The twenty-first section repeals all acts and parts of acts, whether special or local, or otherwise, inconsistent with the provisions of the act.
Another supplement was approved on the 23d of March, 1865. It authorizes a branch road through Boonton and to Paterson, and for that purpose empowers the company to exercise all the powers and franchises given by the original act and supplements, subject, however, to all the restrictions, limitations, and conditions of said original act and supplements which may be applicable to the powers and franchises conferred by this supplement.
The third section enacts that the tax of one-half of one percent, provided by the said original act of incorporation to be paid by said company to the state whenever the net earnings of the company amounted to seven percent upon the cost of the road, shall be paid at the expiration of one year from the time when the road of the company shall be open and in use chanroblesvirtualawlibrary
to Phillipsburgh and annually thereafter, which tax shall be in lieu and satisfaction of all other taxation or imposition whatsoever by or under the authority of the state or any law thereof, provided that the section shall not go into effect or be binding upon the company until it, by an instrument duly executed under its corporate seal and filed in the office of the secretary of state, shall have signified its assent hereto, which assent shall be signified within sixty days after the passage of the act, or the act shall be void.
The fifth section enacts that the act shall take effect immediately.
In due time, the company filed a paper under its seal, bearing date April 24, 1865, reciting said third section and setting forth that the company had received a copy of the act and had considered it. It then declares that in consideration of the terms and conditions of the said supplement, and more especially of the third section thereof, the company has assented, and does thereby assent, to the said act, and has agreed and does thereby agree to be subject to the provisions of the said act and to pay the tax therein named, as therein specified.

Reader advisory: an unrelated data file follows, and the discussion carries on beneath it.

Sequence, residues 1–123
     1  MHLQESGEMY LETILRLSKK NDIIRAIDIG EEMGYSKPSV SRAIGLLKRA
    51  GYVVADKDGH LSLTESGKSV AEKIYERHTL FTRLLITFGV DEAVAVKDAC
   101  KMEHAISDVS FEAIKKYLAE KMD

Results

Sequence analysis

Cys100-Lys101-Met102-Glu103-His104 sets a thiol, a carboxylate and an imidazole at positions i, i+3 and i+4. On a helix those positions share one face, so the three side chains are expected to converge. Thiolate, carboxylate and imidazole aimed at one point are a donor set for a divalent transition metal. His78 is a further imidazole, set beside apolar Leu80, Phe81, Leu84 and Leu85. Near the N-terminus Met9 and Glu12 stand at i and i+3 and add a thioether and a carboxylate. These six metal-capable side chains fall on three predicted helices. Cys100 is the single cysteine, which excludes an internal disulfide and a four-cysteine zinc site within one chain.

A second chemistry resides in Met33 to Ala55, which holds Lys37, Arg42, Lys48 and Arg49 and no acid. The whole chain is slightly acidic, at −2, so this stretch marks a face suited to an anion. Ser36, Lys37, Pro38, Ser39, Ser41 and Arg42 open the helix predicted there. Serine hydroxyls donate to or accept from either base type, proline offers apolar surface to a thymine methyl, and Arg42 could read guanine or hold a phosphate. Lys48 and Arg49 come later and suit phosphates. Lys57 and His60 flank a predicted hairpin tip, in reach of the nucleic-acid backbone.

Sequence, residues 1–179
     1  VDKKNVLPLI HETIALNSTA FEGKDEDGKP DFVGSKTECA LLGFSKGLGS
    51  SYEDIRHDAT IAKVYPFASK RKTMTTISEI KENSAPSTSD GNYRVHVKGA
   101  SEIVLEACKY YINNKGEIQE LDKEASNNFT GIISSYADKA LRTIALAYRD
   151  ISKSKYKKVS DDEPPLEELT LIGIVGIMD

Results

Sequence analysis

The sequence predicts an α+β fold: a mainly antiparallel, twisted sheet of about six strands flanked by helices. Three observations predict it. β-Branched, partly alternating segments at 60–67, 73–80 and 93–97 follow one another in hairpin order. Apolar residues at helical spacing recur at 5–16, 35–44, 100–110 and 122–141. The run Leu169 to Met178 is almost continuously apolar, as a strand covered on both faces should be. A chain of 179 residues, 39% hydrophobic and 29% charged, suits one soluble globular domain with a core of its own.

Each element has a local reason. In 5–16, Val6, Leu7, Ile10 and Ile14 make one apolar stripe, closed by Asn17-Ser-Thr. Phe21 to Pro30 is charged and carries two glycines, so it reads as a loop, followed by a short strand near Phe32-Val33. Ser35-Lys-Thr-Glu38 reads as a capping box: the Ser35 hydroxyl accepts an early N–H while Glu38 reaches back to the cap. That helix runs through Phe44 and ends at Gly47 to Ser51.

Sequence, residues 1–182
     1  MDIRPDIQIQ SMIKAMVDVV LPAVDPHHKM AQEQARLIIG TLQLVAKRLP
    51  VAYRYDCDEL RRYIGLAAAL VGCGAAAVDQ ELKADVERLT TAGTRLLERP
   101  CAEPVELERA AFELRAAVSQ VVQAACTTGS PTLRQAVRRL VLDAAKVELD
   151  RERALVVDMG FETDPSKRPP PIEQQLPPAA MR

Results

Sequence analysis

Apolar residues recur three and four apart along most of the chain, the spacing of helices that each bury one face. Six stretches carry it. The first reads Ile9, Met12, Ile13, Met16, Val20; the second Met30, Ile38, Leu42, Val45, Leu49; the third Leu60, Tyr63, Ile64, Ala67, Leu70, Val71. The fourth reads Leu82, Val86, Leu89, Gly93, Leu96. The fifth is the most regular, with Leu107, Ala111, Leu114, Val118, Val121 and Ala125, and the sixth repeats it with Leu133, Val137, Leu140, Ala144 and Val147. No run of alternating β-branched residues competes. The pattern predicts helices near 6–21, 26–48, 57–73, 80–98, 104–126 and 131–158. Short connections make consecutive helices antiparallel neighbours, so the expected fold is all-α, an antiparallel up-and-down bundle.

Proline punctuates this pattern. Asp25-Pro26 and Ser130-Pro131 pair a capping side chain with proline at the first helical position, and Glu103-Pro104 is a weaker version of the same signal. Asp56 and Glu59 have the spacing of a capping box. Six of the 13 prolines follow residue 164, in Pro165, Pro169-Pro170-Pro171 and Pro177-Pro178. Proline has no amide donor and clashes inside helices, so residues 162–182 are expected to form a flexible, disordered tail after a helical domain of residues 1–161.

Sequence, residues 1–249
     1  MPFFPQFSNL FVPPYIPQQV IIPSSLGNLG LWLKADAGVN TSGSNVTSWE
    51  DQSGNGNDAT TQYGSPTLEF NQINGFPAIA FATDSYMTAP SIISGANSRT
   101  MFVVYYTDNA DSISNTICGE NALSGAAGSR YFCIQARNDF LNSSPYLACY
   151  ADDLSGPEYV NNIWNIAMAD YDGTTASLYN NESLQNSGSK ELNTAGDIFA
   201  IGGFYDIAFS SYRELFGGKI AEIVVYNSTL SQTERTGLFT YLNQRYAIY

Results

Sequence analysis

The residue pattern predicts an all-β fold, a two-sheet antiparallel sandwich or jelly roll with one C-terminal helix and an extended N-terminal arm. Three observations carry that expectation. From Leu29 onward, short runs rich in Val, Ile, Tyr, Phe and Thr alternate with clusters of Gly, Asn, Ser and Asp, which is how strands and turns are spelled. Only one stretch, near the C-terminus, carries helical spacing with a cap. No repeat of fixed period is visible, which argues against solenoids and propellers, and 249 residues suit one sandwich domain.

On the 5th of March, 1867, another supplement to the charter was approved which, after reciting that the company had lately extended its railroad from Hackettstown to Phillipsburgh, gives power to increase its stock and straighten its road, and declares that the company for this purpose shall be invested with all the powers conferred by the charter and supplements, subject to the duties and liabilities thereby imposed. It enacts that no tax by or under the authority of the state shall be imposed upon any property purchased, held, or used by said company for the purposes of its charter or any of the supplements thereto, except the tax of one-half of one percent on the cost of its road, which, by the said charter and the supplement thereto approved on the twenty-third day of March, 1865, was required to be paid by said company in lieu of all other taxes, any act to the contrary notwithstanding.
No formal acceptance of this act was provided for or given.
On the 2d of April, 1873, an act entitled "An Act to establish just rules for the taxation of railroad corporations, and to chanroblesvirtualawlibrary
induce their acceptance and uniform adoption," was passed. The preamble recites as follows: